Published: Jan 2007
| ||Format||Pages||Price|| |
|PDF (748K)||18||$25||  ADD TO CART|
THE FIRST STATIC HARDNESS TESTING METHOD WAS INTRODUCED BY J. A. Brinell, a Swedish researcher, at the 1900 Paris World Exposition. A hardened steel ball or tungsten carbide ball with a diameter (D) of 1, 2, 2.5, 5, or 10 mm was used as indenter. This was pressed into the smooth, clean specimen surface with a test force (F). Figure 21.1 shows the principle of test with test force F (N), D the diameter of the ball (mm), d the mean diameter of the indentation (mm), and h the depth of the indentation (mm). It is important that the specimen rests on a rigid support, and that the indenter contacts the specimen without being shaken or jolted. The test force is then increased to the predetermined maximum value within 2-10 s and held for 10-15 s. If the duration of load application falls outside of this range, this must be indicated. For example, for nonferrous materials, the duration may be as long as 180 s.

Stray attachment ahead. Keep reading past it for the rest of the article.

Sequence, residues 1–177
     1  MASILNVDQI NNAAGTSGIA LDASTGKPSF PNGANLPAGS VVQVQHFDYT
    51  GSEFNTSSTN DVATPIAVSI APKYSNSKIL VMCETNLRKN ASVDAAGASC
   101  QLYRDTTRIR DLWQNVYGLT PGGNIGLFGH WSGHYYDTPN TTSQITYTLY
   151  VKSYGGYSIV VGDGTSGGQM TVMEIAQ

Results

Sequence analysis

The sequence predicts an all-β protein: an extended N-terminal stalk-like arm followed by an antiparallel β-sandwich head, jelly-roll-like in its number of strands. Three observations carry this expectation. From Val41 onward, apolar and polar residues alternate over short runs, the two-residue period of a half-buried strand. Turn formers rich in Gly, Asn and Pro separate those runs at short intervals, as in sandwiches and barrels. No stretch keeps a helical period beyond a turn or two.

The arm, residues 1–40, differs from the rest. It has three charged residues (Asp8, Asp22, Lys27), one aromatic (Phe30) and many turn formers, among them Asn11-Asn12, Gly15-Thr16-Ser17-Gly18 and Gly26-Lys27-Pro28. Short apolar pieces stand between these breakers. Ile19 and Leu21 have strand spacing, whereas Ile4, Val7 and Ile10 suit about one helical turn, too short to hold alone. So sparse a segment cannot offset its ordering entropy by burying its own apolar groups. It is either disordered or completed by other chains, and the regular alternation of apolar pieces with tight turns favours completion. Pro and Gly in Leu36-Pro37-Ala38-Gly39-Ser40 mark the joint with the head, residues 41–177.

Metallography, Materialography, Preparation methods, Sample preparation, Mechanical polishing, Electrolytic polishing, Cutting, Sectioning, Hot mounting, Cold mounting, Grinding, Polishing, Polishing artifact, Etching, Microscope, Quantitative metallography, Stereology, Vickers hardness, Quality control, Microstructure